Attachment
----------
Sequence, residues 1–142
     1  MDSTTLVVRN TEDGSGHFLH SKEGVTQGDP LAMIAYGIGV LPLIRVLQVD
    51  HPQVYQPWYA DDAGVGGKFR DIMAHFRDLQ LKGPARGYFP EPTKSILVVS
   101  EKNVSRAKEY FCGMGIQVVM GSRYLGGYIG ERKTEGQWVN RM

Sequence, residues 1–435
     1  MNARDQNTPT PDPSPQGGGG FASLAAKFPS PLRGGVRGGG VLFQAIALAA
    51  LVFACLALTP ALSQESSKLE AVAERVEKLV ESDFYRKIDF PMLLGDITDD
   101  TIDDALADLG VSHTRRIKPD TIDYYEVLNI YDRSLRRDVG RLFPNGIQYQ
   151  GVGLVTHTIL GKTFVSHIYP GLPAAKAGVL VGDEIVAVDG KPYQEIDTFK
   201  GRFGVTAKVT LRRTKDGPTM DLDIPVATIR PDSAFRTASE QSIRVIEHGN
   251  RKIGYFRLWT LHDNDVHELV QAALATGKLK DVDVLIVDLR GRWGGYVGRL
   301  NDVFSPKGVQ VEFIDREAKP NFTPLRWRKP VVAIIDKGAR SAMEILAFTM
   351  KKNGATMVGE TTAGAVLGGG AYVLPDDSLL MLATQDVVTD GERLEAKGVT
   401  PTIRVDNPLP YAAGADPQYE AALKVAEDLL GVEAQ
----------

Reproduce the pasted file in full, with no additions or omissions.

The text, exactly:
Sequence, residues 1–142
     1  MDSTTLVVRN TEDGSGHFLH SKEGVTQGDP LAMIAYGIGV LPLIRVLQVD
    51  HPQVYQPWYA DDAGVGGKFR DIMAHFRDLQ LKGPARGYFP EPTKSILVVS
   101  EKNVSRAKEY FCGMGIQVVM GSRYLGGYIG ERKTEGQWVN RM

Sequence, residues 1–435
     1  MNARDQNTPT PDPSPQGGGG FASLAAKFPS PLRGGVRGGG VLFQAIALAA
    51  LVFACLALTP ALSQESSKLE AVAERVEKLV ESDFYRKIDF PMLLGDITDD
   101  TIDDALADLG VSHTRRIKPD TIDYYEVLNI YDRSLRRDVG RLFPNGIQYQ
   151  GVGLVTHTIL GKTFVSHIYP GLPAAKAGVL VGDEIVAVDG KPYQEIDTFK
   201  GRFGVTAKVT LRRTKDGPTM DLDIPVATIR PDSAFRTASE QSIRVIEHGN
   251  RKIGYFRLWT LHDNDVHELV QAALATGKLK DVDVLIVDLR GRWGGYVGRL
   301  NDVFSPKGVQ VEFIDREAKP NFTPLRWRKP VVAIIDKGAR SAMEILAFTM
   351  KKNGATMVGE TTAGAVLGGG AYVLPDDSLL MLATQDVVTD GERLEAKGVT
   401  PTIRVDNPLP YAAGADPQYE AALKVAEDLL GVEAQ